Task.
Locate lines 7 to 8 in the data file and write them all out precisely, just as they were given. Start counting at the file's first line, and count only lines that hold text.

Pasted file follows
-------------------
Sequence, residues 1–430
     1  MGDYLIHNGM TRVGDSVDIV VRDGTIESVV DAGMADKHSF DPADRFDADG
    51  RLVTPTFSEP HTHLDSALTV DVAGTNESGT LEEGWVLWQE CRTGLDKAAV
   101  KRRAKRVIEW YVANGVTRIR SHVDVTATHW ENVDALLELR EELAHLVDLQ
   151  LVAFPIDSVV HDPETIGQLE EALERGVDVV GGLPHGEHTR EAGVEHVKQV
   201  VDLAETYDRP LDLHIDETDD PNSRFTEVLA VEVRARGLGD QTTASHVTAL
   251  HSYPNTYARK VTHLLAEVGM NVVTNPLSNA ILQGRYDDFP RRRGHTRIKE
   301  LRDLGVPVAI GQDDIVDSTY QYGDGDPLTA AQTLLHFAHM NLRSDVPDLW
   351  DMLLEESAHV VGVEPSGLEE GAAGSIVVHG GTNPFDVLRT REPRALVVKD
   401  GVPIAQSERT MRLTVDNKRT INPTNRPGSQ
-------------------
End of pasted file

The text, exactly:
   251  HSYPNTYARK VTHLLAEVGM NVVTNPLSNA ILQGRYDDFP RRRGHTRIKE
   301  LRDLGVPVAI GQDDIVDSTY QYGDGDPLTA AQTLLHFAHM NLRSDVPDLW